In devastating the population, it changed the human immune system, basically wiping out people who couldn’t deal with the disease and leaving the stronger to survive, said study co-author Hendrik Poinar of McMaster University in Ontario.
But simple antibiotics today, such as tetracycline, can beat the bacteria, which doesn’t seem to have properties that enable other germs to become drug-resistant, Poinar said. Plus, changes in medical treatment of the sick, coupled with improved sanitation and economics, put humanity in a far better position. And there’s an immune system protection we mostly have now, Poinar said.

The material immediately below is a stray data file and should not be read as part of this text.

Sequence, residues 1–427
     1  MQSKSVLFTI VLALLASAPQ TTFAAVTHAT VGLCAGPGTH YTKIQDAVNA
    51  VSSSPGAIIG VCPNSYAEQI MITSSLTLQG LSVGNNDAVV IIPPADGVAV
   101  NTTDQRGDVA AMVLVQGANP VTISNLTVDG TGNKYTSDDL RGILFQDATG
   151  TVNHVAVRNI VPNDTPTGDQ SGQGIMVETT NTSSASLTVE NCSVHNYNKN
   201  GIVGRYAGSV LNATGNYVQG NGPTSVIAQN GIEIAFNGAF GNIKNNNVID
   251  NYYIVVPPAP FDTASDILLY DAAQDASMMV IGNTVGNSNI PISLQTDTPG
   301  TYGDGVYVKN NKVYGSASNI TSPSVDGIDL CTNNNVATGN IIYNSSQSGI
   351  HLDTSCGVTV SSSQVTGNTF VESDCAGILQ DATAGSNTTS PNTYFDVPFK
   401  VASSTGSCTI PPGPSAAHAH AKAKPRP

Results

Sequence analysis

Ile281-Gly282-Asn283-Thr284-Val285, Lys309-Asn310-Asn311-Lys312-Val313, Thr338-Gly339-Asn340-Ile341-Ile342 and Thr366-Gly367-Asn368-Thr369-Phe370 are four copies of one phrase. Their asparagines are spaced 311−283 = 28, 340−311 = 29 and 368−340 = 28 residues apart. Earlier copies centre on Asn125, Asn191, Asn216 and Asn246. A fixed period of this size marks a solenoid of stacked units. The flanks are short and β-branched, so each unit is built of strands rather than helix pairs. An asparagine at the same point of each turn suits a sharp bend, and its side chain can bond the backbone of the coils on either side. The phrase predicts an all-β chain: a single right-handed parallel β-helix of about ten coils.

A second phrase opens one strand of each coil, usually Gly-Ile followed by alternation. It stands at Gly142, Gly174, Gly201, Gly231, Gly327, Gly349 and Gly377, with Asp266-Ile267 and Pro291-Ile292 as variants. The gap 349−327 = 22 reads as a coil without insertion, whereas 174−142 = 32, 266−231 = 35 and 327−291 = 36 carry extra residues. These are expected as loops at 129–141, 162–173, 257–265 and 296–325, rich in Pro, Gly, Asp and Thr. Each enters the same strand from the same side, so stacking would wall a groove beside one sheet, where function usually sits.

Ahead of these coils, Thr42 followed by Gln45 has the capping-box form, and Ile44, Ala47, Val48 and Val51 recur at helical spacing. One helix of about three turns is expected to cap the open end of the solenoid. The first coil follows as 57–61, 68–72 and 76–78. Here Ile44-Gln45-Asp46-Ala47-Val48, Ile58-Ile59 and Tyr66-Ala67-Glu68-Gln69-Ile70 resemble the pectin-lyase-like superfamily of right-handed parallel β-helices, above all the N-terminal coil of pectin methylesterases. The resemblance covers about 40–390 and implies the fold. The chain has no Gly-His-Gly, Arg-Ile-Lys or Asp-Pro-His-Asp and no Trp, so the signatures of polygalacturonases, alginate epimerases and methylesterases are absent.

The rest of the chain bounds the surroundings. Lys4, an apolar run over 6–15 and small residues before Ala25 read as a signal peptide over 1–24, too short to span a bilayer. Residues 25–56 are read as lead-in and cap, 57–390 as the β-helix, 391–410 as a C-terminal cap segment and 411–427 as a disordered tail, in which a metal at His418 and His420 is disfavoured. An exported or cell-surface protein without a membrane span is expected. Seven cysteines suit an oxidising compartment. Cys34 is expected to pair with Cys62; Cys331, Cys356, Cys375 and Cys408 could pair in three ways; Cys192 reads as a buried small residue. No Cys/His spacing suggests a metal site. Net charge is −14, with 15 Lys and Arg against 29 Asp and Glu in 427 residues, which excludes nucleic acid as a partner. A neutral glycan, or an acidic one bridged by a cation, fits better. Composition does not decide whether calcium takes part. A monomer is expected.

“By the toll of a billion deaths man has bought his birthright of the earth…”